Written from Wimbledon. She will keep Friday 29 May for the LNA Meeting and hopes the 'Friends' will come to it also [see note]. She would prefer not to sign the Dilke protest [see note] 'unless there seems to be a very great absence of women's signatures. Mr Stead has been to consult her 'on the wide question of the morality of public men and the equal standard'. JB dislikes 'the personal element both in this and Parnell's case' which to many 'appears like a relentless persecution'. She would press for a great Conference of the Churches who would uphold 'equal morality for men and women and equal treatment of the male and female offender'.
Josephine Butler to 'Dear Friend' [Miss Priestman]
- This material is held at
- ReferenceGB 106 3JBL/30/15
- Former ReferenceGB 106 4227
- Dates of Creation6 Apr 
- Physical Description1 item
- Direct Link
Scope and Content
Administrative / Biographical History
'Friday the 29th I will note as the day'
The Annual Meeting of the LNA was held in the Memorial Hall Farringdon St on 9 May 1891.
From an account given in the 'Sentinel' (Jul 1891, p119) we are told that 'Mrs Josephine Butler who showed traces of the heavy season of affliction through which she had passed, presided'. Among the speakers were Rev J Dymock, Rev JH Lynn, WT Stead.
'I should like much to go to the Friends' familiar meeting and Tea also. I like Friends and I like tea so much' The Friends Association held their annual meeting in May every year and JB always attended when possible for her. It was held at their Headquarters, Devonshire House, Bishopgate St. This year it was held on 21 May but JB was absent through illness (Sentinel - Jun 1891 p.90).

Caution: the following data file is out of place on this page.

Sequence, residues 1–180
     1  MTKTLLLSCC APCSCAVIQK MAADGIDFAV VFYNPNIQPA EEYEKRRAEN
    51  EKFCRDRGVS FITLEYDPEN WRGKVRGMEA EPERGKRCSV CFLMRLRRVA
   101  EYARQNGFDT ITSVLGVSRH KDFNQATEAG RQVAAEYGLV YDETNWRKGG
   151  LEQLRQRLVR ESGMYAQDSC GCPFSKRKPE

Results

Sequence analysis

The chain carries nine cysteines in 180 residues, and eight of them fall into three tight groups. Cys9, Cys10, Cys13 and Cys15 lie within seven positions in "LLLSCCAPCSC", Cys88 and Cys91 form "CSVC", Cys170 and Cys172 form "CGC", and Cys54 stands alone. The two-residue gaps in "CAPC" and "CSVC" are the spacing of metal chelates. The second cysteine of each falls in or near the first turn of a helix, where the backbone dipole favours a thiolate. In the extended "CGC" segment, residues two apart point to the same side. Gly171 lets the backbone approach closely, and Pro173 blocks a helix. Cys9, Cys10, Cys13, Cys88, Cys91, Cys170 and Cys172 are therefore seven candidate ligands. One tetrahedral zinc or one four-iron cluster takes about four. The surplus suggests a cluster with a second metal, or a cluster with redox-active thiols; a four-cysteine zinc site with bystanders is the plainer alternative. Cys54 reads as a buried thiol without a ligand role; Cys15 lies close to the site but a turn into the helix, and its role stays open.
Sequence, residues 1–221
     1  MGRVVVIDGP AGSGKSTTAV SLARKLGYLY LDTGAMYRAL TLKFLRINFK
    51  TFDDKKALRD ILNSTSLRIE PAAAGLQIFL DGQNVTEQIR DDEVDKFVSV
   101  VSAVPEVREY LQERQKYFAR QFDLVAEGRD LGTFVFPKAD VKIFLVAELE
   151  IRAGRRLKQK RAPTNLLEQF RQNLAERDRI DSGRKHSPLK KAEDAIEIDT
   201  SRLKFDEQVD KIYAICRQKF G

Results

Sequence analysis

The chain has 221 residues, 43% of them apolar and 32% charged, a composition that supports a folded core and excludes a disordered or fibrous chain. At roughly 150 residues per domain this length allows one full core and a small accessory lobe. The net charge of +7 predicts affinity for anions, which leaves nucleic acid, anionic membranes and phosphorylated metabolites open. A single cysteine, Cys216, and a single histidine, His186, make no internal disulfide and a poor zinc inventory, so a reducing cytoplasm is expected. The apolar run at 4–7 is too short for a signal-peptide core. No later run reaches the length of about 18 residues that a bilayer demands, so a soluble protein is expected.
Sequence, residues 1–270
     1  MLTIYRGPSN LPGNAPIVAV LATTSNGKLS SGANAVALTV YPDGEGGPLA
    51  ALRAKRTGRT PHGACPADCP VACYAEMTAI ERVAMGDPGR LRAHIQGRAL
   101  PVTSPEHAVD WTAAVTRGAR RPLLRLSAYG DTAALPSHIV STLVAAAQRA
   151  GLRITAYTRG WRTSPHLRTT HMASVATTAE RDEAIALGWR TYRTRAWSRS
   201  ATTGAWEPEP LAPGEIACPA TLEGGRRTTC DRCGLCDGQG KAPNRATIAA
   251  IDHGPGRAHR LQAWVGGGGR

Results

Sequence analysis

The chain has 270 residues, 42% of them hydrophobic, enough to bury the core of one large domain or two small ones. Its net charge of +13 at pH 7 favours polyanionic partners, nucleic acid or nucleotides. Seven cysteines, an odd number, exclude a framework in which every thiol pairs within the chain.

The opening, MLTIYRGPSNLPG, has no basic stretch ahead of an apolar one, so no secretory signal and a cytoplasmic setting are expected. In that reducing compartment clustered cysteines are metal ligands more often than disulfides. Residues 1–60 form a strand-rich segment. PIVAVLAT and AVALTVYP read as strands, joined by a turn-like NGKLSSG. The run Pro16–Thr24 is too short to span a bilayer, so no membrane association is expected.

'I should prefer not signing the Dilke protest'
The personal element both in this [i.e. Dilke's] and Parnell's case weakens the cause. (On this see JB to Mrs Tanner 5 Dec 1890 Note).
For note on Parnell see letter of JB to Mrs Tanner 5 Dec 1890 and JB to son Stanley 17-23 Feb 1889.
Sir Charles Dilke like Parnell brought his political career to a close by his involvement in a divorce case in 1885. The opinion of his most recent biographer, Roy Jenkins, is that 'he was, in all probability innocent of that of which he was accused and that brought about his downfall'.
JB's warning against 'the personal element' was only too much justified. In Roy Jenkins 'Sir Charles Dilke' we read: ''The Times' refused to print a word of any of his speeches, to review his books or mention him in any form'. This indeed appears as JB says 'like relentless persecution'
'I do hope Miss Annie is improving'
The two Priestman sisters who lived together at Bristol were Mary (1831-1914) and Anna Maria (1829-1914). They died within a few days of each other. Most of the letters written by JB to the sisters were just addressed to 'Dear Friend' but however they were addressed they were certainly shared by both sisters and their interest in and support of the Cause never failed JB.
Biog: Sir Charles Dilke; WT Stead; CS Parnell